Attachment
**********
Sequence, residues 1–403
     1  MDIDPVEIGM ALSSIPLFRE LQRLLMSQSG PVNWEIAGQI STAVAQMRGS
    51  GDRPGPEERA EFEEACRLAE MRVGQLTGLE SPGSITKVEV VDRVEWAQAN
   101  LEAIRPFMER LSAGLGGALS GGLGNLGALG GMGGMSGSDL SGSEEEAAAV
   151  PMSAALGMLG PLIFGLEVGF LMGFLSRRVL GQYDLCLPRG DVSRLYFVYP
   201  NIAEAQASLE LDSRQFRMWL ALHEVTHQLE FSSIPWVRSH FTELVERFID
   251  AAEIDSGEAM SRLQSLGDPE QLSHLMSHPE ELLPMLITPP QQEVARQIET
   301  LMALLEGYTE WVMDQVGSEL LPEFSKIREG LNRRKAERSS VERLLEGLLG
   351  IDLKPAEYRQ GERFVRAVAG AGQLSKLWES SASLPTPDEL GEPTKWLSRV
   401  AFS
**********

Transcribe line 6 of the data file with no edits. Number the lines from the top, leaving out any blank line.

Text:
   201  NIAEAQASLE LDSRQFRMWL ALHEVTHQLE FSSIPWVRSH FTELVERFID